The Problem with Canola Oil

Recently I went to dinner with friends. As usual, I questioned our server extensively about the kitchen’s use of canola oil. My purpose is not to disparage restaurants, but I would urge you, not to always believe what your server reports.Unknown

Almost every restaurant uses canola oil, either by itself or to cut costs by combining it with more expensive olive oil.

I urge all my clients to reject canola oil and do what ever they can to avoid using it. Here’s why.

Hundreds of years ago, humans were processing rapeseed to extract the oil. It was not used as a food product but as a lubricant. Usage increased as the Industrial Revolution gathered steam and it also became particularly useful in keeping machine parts clean.

The railroad used it extensively to clean engines and as a lubricant. Rapeseed was too high in a number of substances (uric acid among them) to be used as a food source.

Researchers at the University of Manitoba reengineered the seed, using hybridization techniques, to create a seed that had fewer harmful chemicals and was much closer in taste to olive oil.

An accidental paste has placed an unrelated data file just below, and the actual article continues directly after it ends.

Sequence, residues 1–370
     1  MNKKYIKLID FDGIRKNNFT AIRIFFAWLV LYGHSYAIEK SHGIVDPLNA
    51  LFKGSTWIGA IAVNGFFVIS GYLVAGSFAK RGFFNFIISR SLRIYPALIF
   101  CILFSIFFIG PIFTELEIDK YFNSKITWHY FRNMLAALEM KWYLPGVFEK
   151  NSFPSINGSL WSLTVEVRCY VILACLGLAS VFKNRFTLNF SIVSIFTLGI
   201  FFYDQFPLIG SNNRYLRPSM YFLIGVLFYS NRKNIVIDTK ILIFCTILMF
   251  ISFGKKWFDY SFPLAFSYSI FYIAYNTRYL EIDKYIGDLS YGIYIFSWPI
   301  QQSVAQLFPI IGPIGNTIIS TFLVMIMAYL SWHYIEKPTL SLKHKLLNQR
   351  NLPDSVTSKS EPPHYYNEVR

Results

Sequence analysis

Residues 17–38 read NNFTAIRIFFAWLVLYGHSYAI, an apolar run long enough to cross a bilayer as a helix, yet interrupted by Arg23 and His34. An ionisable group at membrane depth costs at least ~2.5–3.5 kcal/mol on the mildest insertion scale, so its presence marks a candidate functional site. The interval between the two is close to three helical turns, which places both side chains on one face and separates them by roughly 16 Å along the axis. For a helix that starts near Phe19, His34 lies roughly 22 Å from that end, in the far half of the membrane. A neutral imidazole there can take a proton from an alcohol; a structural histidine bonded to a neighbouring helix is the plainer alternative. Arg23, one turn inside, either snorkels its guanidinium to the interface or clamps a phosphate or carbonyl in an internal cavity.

This is what we now call canola oil, a name created by marketing types to separate it from the reputation of rapeseed oil. “Canola” stands for Canadian Oil (some believe it stands for Canada Oil, Low Acid).

These days the rapeseed is created by plants using GMO techniques. Since 1995, according to Kris Gunnars of Authority Nutrition, Monsanto has manufactured rapeseeds that are genetically engineered to be resistant to the herbicide RoundUp.

Today, about 90% of the world’s canola crop is genetically modified.

Additionally, the extraction of the oil involves chemical separation using hexane – a known carcinogen.

Production of the oil is a very technical process, unlike the simple processes used to make other popular fats/oils, such as butter, olive oil or coconut oil.

The fact that it is exposed to high heat can be problematic since the oil is high in polyunsaturated fats, which are very sensitive to high heat and easily become oxidized (rancid).

Hexane is used to extract the oil from the seeds and trace amounts of it have sometimes been found in the final product.

You just can’t tell how much of the final product is damaged during the manufacturing process because the oil is also deodorized, which removes the smell.

One study analyzed canola and soybean oils found on store shelves in the U.S. They found that up to 4.2% of the fatty acids in them were toxic trans fats.

While the Canola industry claims it is entirely safe, others point to the Hexane residue and GMO sourcing as major problems.

By comparison, cold-pressed and organic canola oil has not gone through the same process and won’t contain so many oxidized fats or trans fats.

Unfortunately, the great majority of rapeseed/canola oils are made with the industrial processing method.

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